Japanese aesthetics are all about precision and perfection — even when it comes to a simple cup of coffee.
Palo Alto-based Dripdash brought that sentiment to the United States this year with its Kyoto-style, cold-brewed, slow-dripped coffee.
How slow? Apparently, only one drop of water per second gets poured over the grounds in a process that takes 16 hours.
The glacial-pace process makes for a highly caffeinated brew. And the taste?
I had a chance to experience it for myself when I was sent samples.
This is one incredibly smooth coffee. The pronounced acidity I’ve often found with other cold brews is decidedly missing here. Instead, what you get is coffee that tastes more balanced, with tempered bitterness, a silkiness on the palate, and a long, soft finish. If coffee can be somehow relaxing and invigorating at the same time, Dripdash nails it.
The 6-ounce bottles are available on GoodEggs for $3.99 each. Or in a six-pack on the Dripdash site for $37.
Less is more — even when it comes to outfitting your kitchen.
That’s the philosophy of Proclamation Goods, a new cookware company built on the belief that you really only need two pans in your cooking arsenal: a 12-inch skillet and a 7-quart pot.
The company was founded by CEO Chris Burrage, former general manager of Casper mattresses, and Chief Product Officer Tony Leo, former head of design at Pottery Barn.
With that kind of pedigree, you’d expect the pans to be of high quality. And they are, as I found when I was given a free set to test drive.
Made in the United States, the set of two pans, which comes with one lid that can fit either, retails for about $379.
The first thing you notice when you pick them up is their heft. These are heavy-duty pans with a streamlined design. The pot is made of gleaming stainless steel, and the skillet comes in either stainless steel or carbon steel. I was kindly sent one of each, and I will say you will surely get an arm workout wielding the carbon steel one, which is much weightier like cast-iron.
If heaven is a warm, eggy custard tart, you’re sure to be in total bliss then when the new Pastelaria Adega opens in downtown San Jose today.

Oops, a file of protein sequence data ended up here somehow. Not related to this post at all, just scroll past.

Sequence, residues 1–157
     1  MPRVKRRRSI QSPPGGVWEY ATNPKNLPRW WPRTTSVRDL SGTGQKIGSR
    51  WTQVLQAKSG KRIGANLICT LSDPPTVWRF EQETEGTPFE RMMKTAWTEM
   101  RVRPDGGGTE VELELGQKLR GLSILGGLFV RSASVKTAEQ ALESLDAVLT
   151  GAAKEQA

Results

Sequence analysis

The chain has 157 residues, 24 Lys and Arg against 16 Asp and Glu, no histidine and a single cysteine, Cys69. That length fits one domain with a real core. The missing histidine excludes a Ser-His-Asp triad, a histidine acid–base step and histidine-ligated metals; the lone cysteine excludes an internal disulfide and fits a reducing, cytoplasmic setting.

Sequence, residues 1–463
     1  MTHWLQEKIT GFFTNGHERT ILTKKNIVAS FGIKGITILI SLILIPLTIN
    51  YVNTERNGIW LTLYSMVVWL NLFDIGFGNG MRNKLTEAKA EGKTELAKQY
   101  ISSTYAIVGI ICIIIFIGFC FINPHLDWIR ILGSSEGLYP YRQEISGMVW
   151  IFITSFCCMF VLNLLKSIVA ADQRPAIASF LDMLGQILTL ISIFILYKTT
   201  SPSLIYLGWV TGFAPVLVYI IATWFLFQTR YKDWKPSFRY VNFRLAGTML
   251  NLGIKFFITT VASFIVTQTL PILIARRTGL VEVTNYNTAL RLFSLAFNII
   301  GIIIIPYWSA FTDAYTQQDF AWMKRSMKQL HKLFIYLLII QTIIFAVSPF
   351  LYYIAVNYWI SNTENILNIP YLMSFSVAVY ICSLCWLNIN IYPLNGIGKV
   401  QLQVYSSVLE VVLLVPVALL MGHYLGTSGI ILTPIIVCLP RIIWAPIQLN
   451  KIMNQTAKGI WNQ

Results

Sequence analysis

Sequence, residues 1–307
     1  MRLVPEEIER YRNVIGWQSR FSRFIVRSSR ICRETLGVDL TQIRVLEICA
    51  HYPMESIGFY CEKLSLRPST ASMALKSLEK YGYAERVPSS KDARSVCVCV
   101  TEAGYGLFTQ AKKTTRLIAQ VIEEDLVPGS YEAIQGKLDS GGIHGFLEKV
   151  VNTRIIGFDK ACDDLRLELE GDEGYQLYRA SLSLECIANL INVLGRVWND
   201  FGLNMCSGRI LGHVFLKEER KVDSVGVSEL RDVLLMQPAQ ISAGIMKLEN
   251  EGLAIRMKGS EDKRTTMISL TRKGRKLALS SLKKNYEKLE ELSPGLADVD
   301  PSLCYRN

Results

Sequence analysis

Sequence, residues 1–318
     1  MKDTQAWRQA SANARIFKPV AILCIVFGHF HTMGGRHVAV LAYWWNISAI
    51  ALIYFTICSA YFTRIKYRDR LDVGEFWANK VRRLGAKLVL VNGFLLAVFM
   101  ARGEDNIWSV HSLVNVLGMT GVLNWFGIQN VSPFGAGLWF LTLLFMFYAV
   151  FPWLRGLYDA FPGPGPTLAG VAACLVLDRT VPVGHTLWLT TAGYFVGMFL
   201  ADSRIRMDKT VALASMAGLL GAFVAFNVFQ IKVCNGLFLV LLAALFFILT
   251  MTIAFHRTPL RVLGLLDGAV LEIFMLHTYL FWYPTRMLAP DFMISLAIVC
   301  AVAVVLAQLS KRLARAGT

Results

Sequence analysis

From the team behind the award-winning, fine-dining Portuguese restaurant Adega in the city’s Little Portugal in the Alum Rock district comes a artisanal Portuguese bakery. It is open seven days a week, 9 a.m. to 7 p.m.
Last night at a preview party, I had a chance to check out the new spot at at 30 E. Santa Clara St., Suite 130.
As Chef-Owner David Costa, a native of Portugal, says: It’s the type of place you would go to in Lisbon every day for coffee, pastry and bread.
Are you like me — desperately in need of that cup of joe in the morning to get going? Then, you’ll love the convenience of Verve Coffee Roaster’s Nitro Flash Brew.
Conveniently packaged in 9.5-ounce cans, it’s ideal for time-pressed days when you just can’t spare making your own.
I had a chance to try a sample of the product, made by the Santa Cruz coffee company that roasts its beans in vintage roasters, and is committed to preserving heirloom varieties of coffee and to paying farmers prices above Fair Trade minimums.
Rich Pepe may have grown up in New Jersey, but his family’s southern Italian roots have lived on deliciously since his grandparents emigrated here.
His upbringing, surrounded by a large extended family who made their own wine, jams, breads and pastas, had a profound impact on him. Indeed, after arriving on the Monterey Peninsula, Pepe worked as a baker, and eventually purchased the historic Carmel Bakery in Carmel-by-the-Sea. He, his wife and two sons now oversee half a dozen Italian-inspired establishments in the area. Besides the bakery, they include Little Napoli, Bistro Italian; Vesuvio; and Peppoli at Pebble Beach.
If that weren’t enough, he also makes his own limoncello. PepeCello is hand-crafted in small batches in Sorrento, using only certified organic Sorrento lemons.